Paterson also directed that the state's two major power agencies, the Long Island Power Authority and the New York Power Authority, to "aggressively pursue energy conservation." Finally, he said he would begin to investigate alternative proposals as well as LNG to increase natural gas pipeline capacity to Long Island and the downstate region.

"One of my goals as governor is to protect Long Island Sound, by preserving it as a valuable estuary, an economic engine for the region, and a key component to making Long Island's quality of life one of the best in the country. Broadwater does not pass that test. Shame on us if we can't develop a responsible energy policy without sacrificing one of our greatest natural and economic resources," he declared.

Paterson said that his concerns regarding the proposed LNG project include its size, its potential disruption of commercial and recreational fishing, and its allegedly not guaranteeing low-cost gas to Long Island consumers.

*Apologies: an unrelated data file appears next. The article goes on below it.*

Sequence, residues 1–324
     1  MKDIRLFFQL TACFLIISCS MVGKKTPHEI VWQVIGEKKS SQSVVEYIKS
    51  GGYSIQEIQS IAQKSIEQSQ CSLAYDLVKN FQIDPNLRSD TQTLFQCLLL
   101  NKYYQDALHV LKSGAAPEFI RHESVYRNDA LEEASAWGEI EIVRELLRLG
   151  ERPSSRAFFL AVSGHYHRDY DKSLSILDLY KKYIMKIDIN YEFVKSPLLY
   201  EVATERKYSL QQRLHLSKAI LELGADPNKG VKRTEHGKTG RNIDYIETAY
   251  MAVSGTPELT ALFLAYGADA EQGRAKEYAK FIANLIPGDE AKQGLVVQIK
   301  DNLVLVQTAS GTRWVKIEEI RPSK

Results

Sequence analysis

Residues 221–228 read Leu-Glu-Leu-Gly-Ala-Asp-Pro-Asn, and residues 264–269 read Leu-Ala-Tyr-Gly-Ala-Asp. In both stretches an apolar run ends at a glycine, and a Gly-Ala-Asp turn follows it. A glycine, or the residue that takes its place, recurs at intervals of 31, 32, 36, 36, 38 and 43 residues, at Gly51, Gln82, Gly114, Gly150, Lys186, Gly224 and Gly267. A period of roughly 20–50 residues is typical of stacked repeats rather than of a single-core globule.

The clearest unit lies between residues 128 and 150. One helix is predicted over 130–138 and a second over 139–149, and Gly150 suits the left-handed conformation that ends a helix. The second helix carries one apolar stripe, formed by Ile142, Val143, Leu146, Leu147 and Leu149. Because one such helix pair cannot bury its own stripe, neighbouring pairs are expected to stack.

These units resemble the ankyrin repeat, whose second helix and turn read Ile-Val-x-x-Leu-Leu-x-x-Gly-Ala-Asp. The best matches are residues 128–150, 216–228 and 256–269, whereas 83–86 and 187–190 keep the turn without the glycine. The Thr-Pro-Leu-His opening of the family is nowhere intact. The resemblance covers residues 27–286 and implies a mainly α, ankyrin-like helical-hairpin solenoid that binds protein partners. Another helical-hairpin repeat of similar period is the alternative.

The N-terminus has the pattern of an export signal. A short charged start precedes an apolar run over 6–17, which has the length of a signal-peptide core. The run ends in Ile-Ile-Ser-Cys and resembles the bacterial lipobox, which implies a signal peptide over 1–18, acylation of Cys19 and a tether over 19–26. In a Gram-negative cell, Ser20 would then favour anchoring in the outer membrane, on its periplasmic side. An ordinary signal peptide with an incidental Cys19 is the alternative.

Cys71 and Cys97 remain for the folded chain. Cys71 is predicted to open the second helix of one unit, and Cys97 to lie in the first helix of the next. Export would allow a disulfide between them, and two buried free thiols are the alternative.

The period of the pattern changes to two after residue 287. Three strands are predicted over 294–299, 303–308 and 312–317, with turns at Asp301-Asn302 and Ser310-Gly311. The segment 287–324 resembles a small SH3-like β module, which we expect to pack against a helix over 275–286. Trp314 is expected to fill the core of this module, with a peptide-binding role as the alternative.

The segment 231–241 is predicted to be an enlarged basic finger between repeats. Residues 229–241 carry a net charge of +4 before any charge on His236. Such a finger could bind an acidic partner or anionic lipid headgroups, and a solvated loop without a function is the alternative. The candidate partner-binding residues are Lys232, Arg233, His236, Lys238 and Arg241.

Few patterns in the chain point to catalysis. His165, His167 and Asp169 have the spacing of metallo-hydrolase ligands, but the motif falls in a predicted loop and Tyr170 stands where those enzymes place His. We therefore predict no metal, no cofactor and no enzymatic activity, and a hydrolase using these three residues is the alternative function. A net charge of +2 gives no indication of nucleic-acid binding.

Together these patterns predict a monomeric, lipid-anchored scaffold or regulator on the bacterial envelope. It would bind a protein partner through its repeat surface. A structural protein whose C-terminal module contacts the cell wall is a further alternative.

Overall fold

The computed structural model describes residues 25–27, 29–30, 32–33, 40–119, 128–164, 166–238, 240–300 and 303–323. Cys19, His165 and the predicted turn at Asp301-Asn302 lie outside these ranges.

'Dangerous precedent'

It would be the first time in Long Island Sound's history that such a large section of open water was handed over to a private company to the public's exclusion, according to the governor. Privatizing open water would be fundamentally wrong and be a dangerous precedent for industrializing a body of water that people have spent years and millions of dollars trying to clean up, he maintained.

Paterson, who chaired the state's renewable energy task force when he was lieutenant governor, said that the Broadwater project might not even be needed if alternative technologies are aggressively pursued.

In response, John Hritcko, Broadwater's senior vice president and the project's director, said he was disappointed and concerned by the state's decision. "We specifically designed this project to be consistent with the State's coastal management policies and offered a number of additional commitments that would further enhance the State's coastal resources," he said on Apr. 10.